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The Most Common Mobile Security Threats and How to Avoid Them

Top 5 Mobile Security Threats and How to Avoid Them
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How many times a day do you think you check your phone? Is it 20, 50, 70? Whatever is the number you estimate, double it and then you might be somewhere close. According to psychologists, people use their smartphones twice as much as they think they do. This is no surprise, given that the convenience of mobile phones has quickly made them our top choice for most everything we do online: browsing, chatting, news reading, shopping, banking and even working.

However, as mobile usage is on the rise, so are the security risks. Identity theft, cyberbullying, tracking, spying, phishing scams and tons of other cyber threats are even more frequent as we carry our devices everywhere we go.

Here are five daily situations where mobile users are especially vulnerable to becoming a victim of cybercrime. If you recognize yourself in any of them, better change your behavior immediately.

1. Connecting to public Wi-Fi hotspots

Who doesn't love Wi-Fi? It's free, it's usually fast, and it helps you pass the time or get some work done. More importantly, it's everywhere you need it: at public libraries, coffee shops, shopping malls, trains, hotels, and even on some city streets. However, while being extremely convenient for smartphone users, public Wi-Fi networks are often poorly secured, leaving you extremely vulnerable to all the threats out there. Hackers can set up "evil twin" hotspots to mimic the real ones, they can lure you into malicious websites, or they can steal your sensitive data in many other ways.

The risk is even greater if you are not careful with your behavior. Checking into your work accounts, making financial transactions, sharing your private information via email-these are a few things you should consider not doing when using public Wi-Fi networks.

2. Charging your phone in public ports

You know the feeling: Your phone battery is low, but you need to make an important call and answer a couple of urgent emails. Sure, you can easily find a public charging station while waiting for your plane at an airport. However, be aware that connecting your device to an unknown source is risky, because you never know if the port hasn't been compromised. If so, there's no way to turn back the time and avoid the risk of being hacked.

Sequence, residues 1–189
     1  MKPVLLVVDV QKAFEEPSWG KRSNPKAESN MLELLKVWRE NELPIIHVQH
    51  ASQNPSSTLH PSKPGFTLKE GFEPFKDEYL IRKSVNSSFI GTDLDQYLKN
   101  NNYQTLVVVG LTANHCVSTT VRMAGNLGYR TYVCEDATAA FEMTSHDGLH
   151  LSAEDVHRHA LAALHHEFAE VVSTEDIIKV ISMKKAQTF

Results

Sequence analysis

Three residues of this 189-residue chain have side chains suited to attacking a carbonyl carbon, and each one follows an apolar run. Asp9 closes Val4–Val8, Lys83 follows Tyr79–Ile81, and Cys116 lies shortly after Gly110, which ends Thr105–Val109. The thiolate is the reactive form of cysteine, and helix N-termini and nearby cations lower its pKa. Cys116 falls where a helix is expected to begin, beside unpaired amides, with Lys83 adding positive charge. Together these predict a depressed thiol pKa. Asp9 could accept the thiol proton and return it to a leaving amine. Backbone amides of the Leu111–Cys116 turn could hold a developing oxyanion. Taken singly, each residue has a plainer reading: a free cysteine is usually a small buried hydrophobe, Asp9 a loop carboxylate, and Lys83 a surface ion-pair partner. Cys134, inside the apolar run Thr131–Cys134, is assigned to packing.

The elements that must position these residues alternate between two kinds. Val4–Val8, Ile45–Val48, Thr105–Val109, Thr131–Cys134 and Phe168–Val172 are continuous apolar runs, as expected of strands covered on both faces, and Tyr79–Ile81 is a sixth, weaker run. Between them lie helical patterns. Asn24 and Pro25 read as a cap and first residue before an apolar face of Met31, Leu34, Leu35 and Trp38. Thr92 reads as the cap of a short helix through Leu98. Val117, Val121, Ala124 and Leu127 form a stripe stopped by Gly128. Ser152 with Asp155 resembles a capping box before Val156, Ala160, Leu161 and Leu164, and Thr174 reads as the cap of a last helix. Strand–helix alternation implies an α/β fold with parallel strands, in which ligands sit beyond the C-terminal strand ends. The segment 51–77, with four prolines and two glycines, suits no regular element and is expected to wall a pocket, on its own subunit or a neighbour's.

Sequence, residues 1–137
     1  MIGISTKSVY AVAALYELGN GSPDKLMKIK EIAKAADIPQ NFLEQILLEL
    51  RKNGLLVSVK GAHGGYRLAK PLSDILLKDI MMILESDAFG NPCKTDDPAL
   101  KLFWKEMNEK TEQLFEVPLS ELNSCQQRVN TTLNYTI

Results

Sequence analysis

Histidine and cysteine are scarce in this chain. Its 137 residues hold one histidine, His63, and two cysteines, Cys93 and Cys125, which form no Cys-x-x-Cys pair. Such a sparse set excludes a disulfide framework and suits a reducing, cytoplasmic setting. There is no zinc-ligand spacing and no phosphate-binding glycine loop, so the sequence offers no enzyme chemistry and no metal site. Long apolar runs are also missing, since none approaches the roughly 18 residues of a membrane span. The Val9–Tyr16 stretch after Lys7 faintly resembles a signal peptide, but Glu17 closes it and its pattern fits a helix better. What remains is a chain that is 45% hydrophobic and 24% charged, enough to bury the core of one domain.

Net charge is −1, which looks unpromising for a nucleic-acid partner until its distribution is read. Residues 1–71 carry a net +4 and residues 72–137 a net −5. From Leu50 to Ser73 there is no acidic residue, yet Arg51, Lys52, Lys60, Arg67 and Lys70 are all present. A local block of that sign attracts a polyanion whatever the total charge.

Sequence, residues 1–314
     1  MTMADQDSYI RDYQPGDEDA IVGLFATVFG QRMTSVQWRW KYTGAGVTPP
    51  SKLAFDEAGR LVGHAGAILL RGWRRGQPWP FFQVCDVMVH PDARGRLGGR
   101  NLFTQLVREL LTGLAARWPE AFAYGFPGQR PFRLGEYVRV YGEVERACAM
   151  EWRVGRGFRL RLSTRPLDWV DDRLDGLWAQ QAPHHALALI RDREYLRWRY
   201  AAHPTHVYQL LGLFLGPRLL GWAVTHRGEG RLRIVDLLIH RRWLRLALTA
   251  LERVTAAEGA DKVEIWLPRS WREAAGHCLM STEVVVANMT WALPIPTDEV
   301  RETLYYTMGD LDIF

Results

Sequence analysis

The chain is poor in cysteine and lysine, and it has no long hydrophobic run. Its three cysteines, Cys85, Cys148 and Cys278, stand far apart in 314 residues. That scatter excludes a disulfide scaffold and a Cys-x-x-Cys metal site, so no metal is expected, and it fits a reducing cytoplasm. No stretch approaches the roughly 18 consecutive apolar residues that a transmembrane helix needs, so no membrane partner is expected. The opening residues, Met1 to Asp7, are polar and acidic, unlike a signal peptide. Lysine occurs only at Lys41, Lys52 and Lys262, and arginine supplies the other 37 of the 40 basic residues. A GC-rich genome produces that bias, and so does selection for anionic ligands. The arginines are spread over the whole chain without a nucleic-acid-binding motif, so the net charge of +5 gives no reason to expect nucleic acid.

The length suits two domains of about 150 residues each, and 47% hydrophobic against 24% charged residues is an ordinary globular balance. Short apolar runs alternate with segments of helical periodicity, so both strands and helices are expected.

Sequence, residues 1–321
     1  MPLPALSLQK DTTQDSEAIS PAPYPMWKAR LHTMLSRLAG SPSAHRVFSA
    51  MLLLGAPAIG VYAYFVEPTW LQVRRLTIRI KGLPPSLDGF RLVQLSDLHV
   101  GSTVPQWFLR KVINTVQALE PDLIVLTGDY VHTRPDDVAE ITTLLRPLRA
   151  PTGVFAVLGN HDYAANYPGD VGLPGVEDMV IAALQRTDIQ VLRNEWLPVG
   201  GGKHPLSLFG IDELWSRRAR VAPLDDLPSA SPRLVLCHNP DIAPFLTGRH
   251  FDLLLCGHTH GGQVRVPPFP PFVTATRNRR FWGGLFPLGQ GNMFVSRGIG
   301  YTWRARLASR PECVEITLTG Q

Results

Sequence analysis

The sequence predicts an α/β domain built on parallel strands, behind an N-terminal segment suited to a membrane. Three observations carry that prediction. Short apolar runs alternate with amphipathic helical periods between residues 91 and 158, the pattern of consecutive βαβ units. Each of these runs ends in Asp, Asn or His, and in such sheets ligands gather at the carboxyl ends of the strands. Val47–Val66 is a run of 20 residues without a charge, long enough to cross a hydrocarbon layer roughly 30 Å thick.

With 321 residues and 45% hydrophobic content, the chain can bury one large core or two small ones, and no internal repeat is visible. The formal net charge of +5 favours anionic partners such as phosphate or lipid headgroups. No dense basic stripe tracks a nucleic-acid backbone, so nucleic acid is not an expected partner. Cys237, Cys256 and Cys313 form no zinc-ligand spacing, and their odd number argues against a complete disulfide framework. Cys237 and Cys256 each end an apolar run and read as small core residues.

The next time you need to charge your mobile device via USB, make sure that the computer you are about to connect to is trusted and secure. Or, even better, get yourself a portable charger.

3. Leaving Bluetooth on when not using it.

Keeping Bluetooth on all the time makes it extremely easy for cybercriminals to get access to your device. Once connected to your phone, a hacker may be able to access all your sensitive information, infect your device with malware, or use it to track your movements both on the Internet and offline.

So when you are not using Bluetooth, always turn it off. This will help reduce the chance of unwanted snooping and cyberattacks.

4. Downloading new apps.

Mobile malware is sneaky. Once it gets to your device, it either steals your private data or secretly charges money from your accounts. It's easy for cybercriminals to design malicious software to look like the doppelganger of a popular app and then place it in third-party app stores for innocent Internet users to download. To make sure you are not receiving any malicious software, only download apps from official app stores.

Also, always make sure you don't give your apps too much information. When you install a new app, you can approve certain permissions, such as access to your camera, photos, contacts, etc. While some of these authorizations are obviously necessary for apps to fulfill their functions, many serve other purposes. A photo editor will need to access your photos so you can edit and save them. But you should be wary if such an app also wants to know your location or contacts. Very often, careless users accept all the requests, letting apps access more data than they are supposed to. This could lead to serious security risks.

5. Giving access to children.

Children are especially vulnerable when it comes to online security. The wide variety of threats include huge overspending on game apps, access to inappropriate content, being targeted by aggressive advertising, becoming victims of cyberbullying or being lured into revealing sensitive information.

Make sure you explain to your children the basic, important online security rules, invest in parental control tools, and check what your kids are up to when they go online.

Remember: Once cybercriminals have access to your smartphone, they can use it however they like. They could log into your accounts, purchase things with your credit cards, and expose your private photos or conversations. In the digital world, where security breaches are more frequent than one may think, it is important to learn how to protect yourself.

VPNs to the rescue.

Subscribing to a reliable VPN, a virtual private network service, such as NordVPN, will help you avoid many cyber threats that lurk everywhere you go online. NordVPN encrypts your Internet traffic and hides your actual IP address, so no snoopers or hackers could intercept and steal your private information. What's more, with NordVPN your data stays safe even on public Wi-Fi networks. NordVPN offers easy-to-use apps for the Android and iOS operating systems.

Both applications include all the necessary configurations, so you can download, set up and start protecting your online traffic in minutes.

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